Boyd Duckett – Northern Open Dilemma

Bucks Falcon Mercury
Bucks Skeeter Yamaha
Power Pole
Strike King
Lews Fishing

DuckettBlogI’ve had a few weeks off since our last Elite Series event, but it hasn’t necessarily been a relaxing time.

At Duckett Fishing we’re trying to get ready for ICAST, which starts next week. And my competitive seasons are about to get back in swing, with Northern Open, Elite Series and Major League Fishing events on the horizon.

Right now, I’m in Richmond getting prepared for launch on the first day of the BASS Northern Open on the James River.

I’ve got a little bit of a dilemma going into this event, and here it is: I want to fish good every time I compete. I want to walk away feeling like I’ve maximized my day.

In fact, if you’ve read many of these columns, you probably know that my personal motto lately has been: Fish the best day you can fish, and the results will take care of themselves. The point to that motto is that whether you finish first or 51st, if you made the right decisions, gave it your best effort and focused all day long, you did all you could do.

The only complication with that motto is that sometimes finishing first is the only thing that ultimately counts. For example, three years ago, I won the last BASS Elite Series event of the year. It was at Lake Oneida in New York. Winning that tournament was the only way I could have made the Classic field. Second or third would have been a great accomplishment, but I needed nothing short of a win.

And that’s kind of what we have here in Richmond. When an Elite Series angler fishes an Open event, he gets the chance to fish a good tournament and win some money – but you could argue that the only goal that truly helps most Elite Series anglers is a win. A win means an automatic berth in the Bassmaster Classic.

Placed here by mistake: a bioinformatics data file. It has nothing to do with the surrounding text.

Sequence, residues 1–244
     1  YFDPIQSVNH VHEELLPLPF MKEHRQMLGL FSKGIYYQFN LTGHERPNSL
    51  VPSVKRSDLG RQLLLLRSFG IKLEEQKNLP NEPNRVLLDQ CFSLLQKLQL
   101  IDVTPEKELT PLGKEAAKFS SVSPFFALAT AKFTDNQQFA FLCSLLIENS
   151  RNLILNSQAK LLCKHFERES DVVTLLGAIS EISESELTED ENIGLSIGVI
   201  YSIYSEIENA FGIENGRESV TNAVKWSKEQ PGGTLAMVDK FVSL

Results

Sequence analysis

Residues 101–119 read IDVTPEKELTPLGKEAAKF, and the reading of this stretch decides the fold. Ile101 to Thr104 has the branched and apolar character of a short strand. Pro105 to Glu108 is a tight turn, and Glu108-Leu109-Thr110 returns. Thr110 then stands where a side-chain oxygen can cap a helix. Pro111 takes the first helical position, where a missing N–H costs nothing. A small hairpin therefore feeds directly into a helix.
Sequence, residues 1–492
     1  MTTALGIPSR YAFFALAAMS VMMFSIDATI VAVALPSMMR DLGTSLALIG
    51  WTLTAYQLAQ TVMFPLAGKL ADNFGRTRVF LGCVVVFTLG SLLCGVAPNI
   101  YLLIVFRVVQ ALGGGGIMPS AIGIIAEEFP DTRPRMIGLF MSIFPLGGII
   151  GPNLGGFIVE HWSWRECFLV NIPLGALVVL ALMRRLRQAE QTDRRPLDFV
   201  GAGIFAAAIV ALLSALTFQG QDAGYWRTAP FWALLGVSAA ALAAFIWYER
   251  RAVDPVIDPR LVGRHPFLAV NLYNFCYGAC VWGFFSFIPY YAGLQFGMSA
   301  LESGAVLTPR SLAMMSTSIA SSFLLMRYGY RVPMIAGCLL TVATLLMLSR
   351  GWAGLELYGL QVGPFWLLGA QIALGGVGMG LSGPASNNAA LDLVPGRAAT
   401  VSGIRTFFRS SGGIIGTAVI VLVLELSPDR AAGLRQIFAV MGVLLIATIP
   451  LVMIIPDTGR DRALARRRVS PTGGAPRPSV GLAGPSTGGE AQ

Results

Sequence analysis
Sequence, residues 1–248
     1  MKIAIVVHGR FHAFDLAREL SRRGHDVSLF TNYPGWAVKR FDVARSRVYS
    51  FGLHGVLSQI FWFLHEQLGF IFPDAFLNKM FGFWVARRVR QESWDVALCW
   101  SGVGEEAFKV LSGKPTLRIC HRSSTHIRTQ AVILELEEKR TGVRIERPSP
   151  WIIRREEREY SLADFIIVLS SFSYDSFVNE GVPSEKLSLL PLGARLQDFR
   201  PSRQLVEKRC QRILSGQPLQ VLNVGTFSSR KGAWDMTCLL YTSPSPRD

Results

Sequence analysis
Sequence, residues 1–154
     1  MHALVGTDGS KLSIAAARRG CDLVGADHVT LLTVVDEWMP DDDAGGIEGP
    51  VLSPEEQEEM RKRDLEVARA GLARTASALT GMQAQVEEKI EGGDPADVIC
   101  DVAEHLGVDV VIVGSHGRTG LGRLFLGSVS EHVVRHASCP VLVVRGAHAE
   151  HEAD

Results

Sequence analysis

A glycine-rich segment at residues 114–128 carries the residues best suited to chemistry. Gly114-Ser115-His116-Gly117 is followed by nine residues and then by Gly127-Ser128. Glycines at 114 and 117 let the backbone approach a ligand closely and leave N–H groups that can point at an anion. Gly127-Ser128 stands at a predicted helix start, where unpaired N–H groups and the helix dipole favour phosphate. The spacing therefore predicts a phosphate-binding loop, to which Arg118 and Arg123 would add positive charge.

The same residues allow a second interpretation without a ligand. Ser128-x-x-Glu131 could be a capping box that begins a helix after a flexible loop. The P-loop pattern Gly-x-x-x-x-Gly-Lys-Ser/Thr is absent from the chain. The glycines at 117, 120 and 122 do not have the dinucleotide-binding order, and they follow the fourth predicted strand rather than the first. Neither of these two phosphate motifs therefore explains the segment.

Right now, I’m in pretty good shape right in the Angler-of-the-Year point standings, and if the Classic were held today, I’d be in the field. But there’s no guarantee that I won’t have a couple of bad events later and fall out of the Classic field.

So I have three choices with this tournament.

One, I can stick to my motto and do the best I can with the knowledge that I’ve gained in practice. I can fish with smarts and focus. And, doing that, I might wind up with 11 or 12 pounds a day, and that MIGHT keep me in sight of the leaders.

Two, I can go for broke. “Swing for the fences,” as they say. The way I would do that is to ride an hour and a half one-way from Richmond over to the Chickahominy River, where really big fish live. I can search for giants. The problem with that strategy, though, is that it can fail spectacularly. I could “zero” on Day 1, because going over there and fishing for giants is a crapshoot.

Three, I can try a combination of the two. Play it smart on the first day and see what that gets me. If I’m reasonably close after Day 1, then maybe I stay with the plan again on the second day. If I need a big bag on Day 3, I swing for the fences.

One thing I know, though, is that I’ve had a pretty decent season so far. And I’m happy to be fishing in this event, because competition keeps you sharp. Maybe the competition in this Northern Open series will keep me focused. If I stay focused, I probably will make the Classic field and won’t need to pull a first-place finish out of my hat.

Win, lose or draw, it’s good get back on the water and compete. I’m curious to see where this one goes.